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Thread: Outside air intake on wood stove?

  1. #1
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    Default Outside air intake on wood stove?

    Hi-I'm considering putting a outside air intake on my wood stove. I've heard this will make the house feel warmer due to cold air not being sucked in around windows, doors, etc. I understand the theory but am wondering about the reality of it. So anyone put one in and really made a noticable difference? I've read that the outside air kit will actually pressurize the house forcing warm air out instead of sucking cold air in.

    Thanks,

    KK

  2. #2
    Member walk-in's Avatar
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    I don't know about pressurizing the house just by adding an outside air intake, but probably the most immediate impact you will notice is that the stove will be easier to light and draft better. This is particularly true if you have a forced air furnace are clothes dryer running when you try to light the stove. Also, if your chimney is a wall exit, you will definitely notice the better draft...especially on warmer days in the fall or spring.

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    I have one installed in my place. You will notice a decrease in cold air coming in through the doors/windows. I had a noticeable difference in the amount of wood I was using to heat my place during the winters. The ideal gas law supports what you heard. If you keep the the volume constant and increase temperature, the pressure will rise.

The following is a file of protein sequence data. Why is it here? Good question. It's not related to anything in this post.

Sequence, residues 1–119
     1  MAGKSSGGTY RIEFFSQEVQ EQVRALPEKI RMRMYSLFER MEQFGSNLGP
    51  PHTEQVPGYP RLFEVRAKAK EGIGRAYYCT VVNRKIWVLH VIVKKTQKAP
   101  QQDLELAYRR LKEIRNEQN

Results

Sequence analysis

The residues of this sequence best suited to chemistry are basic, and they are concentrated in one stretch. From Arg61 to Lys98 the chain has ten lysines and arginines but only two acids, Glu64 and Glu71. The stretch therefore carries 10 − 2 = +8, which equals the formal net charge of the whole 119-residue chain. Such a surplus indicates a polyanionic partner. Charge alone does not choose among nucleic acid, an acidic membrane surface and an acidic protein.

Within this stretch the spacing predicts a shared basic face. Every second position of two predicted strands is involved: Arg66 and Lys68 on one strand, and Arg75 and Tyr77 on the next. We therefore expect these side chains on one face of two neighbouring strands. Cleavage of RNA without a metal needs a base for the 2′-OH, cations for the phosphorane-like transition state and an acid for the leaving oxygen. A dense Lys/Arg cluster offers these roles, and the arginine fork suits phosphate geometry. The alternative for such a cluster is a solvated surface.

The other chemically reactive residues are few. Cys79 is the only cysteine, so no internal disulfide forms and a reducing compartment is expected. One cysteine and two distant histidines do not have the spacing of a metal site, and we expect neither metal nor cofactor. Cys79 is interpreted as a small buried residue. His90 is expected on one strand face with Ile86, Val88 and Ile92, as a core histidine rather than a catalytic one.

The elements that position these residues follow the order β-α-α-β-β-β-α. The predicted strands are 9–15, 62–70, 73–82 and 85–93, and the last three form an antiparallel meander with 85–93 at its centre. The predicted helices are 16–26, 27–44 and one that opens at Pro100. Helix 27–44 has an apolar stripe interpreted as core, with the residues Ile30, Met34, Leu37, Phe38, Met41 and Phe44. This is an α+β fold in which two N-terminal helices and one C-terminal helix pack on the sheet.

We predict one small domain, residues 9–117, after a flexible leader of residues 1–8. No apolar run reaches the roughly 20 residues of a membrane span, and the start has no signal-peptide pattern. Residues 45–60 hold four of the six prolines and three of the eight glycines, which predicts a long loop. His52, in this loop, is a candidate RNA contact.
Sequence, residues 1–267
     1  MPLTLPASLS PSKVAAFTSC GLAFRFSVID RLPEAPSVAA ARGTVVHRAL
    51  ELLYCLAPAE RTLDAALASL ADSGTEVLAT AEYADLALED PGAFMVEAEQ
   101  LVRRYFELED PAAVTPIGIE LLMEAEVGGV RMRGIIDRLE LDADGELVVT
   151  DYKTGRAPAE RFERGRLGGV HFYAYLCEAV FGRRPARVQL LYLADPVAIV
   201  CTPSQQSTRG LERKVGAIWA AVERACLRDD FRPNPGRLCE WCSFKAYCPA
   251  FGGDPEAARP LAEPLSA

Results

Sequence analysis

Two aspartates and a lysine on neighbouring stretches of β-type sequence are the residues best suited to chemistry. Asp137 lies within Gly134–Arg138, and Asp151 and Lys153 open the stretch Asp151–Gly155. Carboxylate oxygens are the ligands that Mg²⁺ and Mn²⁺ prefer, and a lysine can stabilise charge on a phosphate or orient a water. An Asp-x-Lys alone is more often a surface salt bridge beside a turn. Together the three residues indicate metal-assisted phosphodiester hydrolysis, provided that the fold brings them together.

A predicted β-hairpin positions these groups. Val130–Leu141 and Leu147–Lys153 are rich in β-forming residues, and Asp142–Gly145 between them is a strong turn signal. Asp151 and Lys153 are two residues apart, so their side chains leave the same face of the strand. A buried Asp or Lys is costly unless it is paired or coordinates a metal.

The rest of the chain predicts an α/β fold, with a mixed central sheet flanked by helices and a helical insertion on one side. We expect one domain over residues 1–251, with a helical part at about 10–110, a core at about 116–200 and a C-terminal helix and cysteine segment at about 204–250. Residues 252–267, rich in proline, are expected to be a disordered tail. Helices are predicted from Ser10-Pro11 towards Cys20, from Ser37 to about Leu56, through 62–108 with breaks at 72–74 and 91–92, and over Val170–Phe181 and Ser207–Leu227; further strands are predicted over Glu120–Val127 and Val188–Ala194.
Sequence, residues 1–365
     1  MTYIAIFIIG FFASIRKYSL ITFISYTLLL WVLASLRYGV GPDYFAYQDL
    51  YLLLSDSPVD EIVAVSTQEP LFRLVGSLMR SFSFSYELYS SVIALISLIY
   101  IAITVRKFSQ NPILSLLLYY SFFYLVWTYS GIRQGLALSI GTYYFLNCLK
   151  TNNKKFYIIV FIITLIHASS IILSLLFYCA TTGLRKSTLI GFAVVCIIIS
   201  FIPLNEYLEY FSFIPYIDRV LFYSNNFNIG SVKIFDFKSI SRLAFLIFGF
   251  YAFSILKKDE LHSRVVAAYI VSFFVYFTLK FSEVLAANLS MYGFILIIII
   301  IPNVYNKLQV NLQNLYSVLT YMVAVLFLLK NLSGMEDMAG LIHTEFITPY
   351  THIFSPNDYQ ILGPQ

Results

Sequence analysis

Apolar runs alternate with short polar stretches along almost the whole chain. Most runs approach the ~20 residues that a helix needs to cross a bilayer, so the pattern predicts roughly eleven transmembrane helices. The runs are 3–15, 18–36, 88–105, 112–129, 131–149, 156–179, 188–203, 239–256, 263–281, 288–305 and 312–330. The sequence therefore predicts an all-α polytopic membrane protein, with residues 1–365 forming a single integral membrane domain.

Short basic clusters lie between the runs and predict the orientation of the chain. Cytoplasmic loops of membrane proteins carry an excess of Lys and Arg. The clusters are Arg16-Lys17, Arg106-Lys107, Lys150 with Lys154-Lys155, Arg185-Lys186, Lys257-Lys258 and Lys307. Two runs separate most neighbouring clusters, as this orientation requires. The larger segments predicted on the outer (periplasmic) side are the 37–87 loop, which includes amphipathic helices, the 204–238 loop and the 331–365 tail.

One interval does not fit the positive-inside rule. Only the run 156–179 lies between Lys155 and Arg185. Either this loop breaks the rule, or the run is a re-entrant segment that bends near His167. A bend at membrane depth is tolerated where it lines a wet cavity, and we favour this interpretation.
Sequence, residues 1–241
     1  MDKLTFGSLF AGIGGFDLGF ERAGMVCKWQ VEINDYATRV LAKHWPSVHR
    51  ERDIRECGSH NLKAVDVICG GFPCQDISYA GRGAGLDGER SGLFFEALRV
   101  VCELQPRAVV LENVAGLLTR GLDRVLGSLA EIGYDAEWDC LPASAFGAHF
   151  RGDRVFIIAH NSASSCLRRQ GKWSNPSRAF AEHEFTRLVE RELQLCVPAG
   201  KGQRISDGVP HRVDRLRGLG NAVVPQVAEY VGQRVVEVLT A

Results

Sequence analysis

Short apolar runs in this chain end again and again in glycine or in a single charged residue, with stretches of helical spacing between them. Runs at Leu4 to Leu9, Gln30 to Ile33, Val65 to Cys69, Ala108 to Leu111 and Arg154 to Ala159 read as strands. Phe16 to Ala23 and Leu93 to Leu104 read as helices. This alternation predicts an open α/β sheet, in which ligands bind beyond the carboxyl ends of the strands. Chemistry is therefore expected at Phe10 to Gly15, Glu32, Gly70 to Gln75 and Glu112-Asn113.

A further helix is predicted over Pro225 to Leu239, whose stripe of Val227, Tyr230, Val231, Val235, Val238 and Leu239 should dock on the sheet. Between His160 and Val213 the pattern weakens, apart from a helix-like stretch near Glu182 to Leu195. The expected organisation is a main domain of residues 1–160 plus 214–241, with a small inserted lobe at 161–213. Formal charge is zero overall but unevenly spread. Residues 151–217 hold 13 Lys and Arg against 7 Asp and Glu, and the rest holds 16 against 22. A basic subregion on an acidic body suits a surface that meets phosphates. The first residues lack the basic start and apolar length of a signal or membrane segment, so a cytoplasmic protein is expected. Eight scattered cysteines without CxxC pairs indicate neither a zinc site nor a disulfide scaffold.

4. #4
    Member byrd_hntr's Avatar
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    Default More humidity

    Ive noticed that since Ive installed my fresh air intake the humidity doesn't drop inside the house so much. Before the intake I had a hard time keeping it running about 25% in my house, since the installation of the intake I run 38-40% which helps with the sinuses.

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    Default Atmosphere control

    Quote Originally Posted by byrd_hntr View Post
    Ive noticed that since Ive installed my fresh air intake the humidity doesn't drop inside the house so much. Before the intake I had a hard time keeping it running about 25% in my house, since the installation of the intake I run 38-40% which helps with the sinuses.

    That's a very good point, because you are using up the inside air for combustion, you can better control the water content inside. The air is awfully dry when the temp dips below zero.

  6. #6
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    Default Increase in Pressure idea rediculous

    Ignore the point about taking outside air for combustion directly to your stove somehow increases pressure in your house. This is hogwash, and someone was likely confused.

    Basic laws of Physics determine why air moves in and out of a structure. One basic idea to keep in mind is that all things want to be in balance-- to reach a point of equilibrium. Warm air moves to cold air untill they are the same temperature; high pressure moves to low pressure untill they are in balance. Woodstoves and most all other combustible appliances in your house use air from the house to combust the fuel and this air leaves the bldg up thru the chimney, exhaust fans, etc.. This air must be replaced somehow to reach the point of pressure balance, so it leaks back in where ever it can. It is always better to control where the air comes in than letting it decide on its own.
    Thus- the direct connection to the woodstove or appliance, when provided to do so, is always the best.